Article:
Day 13: Yerevan | Noravank Monastery | Sisian
Today travel to the southeastern Syunik region of Armenia, home to spectacular Tatev Monastery and several important prehistoric archaeological sites. En route, stop at the 13th century monastery of Noravank, surrounded by red cliffs, with its fine 14th century Astvatsatsin (“Mother of God”) Church standing on a ledge above a gorge. The two-storey church features remarkable carvings and a reconstructed stone roof. On arrival in Sisian, we check into Hotel Lalaner, where we have dinner. Overnight in Sisian for two nights. (B,L,D)
Day 14: Sisian | Tatev Monastery | Carahunge | Ukhtasar | Sisian
Begin with a visit to Tatev Monastery, the region’s most impressive site. This powerful, fortified monastery complex was founded in the 9th century, overlooking a steep gorge, and includes the Sts. Peter and Paul Church, frescoed by the founders of the famous Tatev School that taught humanities and manuscript illustration. In the courtyard, a 10th century pillar called the Gavazan tilts at the touch of a human hand.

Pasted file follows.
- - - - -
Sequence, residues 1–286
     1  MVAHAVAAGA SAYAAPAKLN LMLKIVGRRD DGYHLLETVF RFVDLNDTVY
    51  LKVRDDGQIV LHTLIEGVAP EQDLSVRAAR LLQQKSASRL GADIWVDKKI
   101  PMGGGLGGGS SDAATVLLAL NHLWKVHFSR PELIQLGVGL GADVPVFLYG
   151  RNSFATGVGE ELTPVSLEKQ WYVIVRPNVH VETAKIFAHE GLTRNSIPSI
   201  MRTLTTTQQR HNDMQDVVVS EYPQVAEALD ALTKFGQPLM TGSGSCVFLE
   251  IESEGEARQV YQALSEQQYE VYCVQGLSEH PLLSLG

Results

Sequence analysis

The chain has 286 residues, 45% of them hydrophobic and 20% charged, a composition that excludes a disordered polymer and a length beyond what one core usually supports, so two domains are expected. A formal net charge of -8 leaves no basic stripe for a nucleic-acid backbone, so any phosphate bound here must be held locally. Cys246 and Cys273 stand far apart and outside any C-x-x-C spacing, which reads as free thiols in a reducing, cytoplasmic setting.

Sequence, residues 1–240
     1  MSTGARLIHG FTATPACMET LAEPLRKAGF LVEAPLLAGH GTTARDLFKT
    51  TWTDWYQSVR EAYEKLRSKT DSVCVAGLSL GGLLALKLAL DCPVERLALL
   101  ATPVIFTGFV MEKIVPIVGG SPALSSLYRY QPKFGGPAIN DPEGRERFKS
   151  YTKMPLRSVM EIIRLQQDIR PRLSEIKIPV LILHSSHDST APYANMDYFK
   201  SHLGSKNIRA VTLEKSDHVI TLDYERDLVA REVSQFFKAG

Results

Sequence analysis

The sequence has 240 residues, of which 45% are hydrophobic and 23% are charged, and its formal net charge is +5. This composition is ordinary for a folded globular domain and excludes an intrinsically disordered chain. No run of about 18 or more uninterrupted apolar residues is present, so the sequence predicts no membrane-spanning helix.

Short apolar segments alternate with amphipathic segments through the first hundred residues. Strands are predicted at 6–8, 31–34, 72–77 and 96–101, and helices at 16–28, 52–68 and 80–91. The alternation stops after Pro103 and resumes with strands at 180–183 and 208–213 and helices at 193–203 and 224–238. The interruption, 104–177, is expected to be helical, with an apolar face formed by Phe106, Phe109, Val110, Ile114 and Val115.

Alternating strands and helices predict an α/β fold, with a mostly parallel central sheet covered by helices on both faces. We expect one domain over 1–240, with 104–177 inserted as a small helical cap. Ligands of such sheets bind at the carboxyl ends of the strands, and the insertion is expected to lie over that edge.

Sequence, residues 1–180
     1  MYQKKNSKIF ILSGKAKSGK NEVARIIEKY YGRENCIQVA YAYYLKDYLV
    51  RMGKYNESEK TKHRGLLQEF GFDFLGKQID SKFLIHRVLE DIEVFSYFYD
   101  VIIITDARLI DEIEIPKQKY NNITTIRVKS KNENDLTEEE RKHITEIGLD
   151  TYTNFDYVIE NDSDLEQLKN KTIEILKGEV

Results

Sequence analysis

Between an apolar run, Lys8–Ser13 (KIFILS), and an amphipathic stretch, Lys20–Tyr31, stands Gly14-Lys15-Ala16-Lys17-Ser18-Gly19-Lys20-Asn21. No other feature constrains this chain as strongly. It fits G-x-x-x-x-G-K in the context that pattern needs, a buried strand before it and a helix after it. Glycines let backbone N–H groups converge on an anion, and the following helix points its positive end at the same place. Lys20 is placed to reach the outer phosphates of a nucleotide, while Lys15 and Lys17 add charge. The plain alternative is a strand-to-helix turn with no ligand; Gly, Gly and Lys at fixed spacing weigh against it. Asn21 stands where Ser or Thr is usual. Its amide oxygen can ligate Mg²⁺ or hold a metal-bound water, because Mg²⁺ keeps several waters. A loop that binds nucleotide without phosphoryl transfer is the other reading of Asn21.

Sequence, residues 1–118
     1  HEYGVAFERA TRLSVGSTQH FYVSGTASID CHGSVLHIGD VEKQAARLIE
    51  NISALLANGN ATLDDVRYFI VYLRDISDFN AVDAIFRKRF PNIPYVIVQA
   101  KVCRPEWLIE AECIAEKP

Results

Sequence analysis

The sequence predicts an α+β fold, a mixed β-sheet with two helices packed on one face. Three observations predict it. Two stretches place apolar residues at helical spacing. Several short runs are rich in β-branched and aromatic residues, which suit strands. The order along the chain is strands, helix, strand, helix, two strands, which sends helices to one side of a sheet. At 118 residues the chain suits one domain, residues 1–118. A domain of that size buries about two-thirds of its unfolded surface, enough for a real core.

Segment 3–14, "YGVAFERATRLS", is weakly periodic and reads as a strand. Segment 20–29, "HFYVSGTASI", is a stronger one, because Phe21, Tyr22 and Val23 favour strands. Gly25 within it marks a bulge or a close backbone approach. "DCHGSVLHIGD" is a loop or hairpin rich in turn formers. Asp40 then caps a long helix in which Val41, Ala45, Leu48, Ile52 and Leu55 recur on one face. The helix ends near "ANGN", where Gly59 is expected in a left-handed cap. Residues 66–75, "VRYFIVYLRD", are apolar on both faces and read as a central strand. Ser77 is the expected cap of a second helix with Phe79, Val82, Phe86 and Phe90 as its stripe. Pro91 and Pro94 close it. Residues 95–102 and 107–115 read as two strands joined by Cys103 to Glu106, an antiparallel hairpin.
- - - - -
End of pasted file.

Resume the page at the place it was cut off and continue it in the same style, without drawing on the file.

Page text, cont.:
Continue on to visit Carahunge, a mysterious collection of shaped rocks that were assembled here over 5,000 years ago, possibly as an observatory or a place of worship. Sometimes called “Armenia’s Stonehenge,” the grouping of over 200 stones has not yet been definitively explained. The petroglyphs on Ukhtasar Mountain were discovered in the 1960s. Carved on more than 2,000 dark stones scattered about the mountain, the petroglyphs are thought to represent an early form of writing. The carvings show most animals of the time, plus hunters and their gear, carts, and agricultural implements. Visit the home of a local family to catch a glimpse of their daily life. Over dinner, enjoy a performance of the region’s traditional music and dance. (B,L,D)
Day 15: Sisian | Yerevan
Today we make our way back to Yerevan. On arrival, lunch is on our own and the afternoon is free for independent exploration. Gather this evening for a festive farewell dinner at a local restaurant. Overnight at the Marriott Yerevan. (B,D)
Day 16: Depart Yerevan | USA
Take an early morning transfer to the airport for return flights to the U.S. (B, time permitting)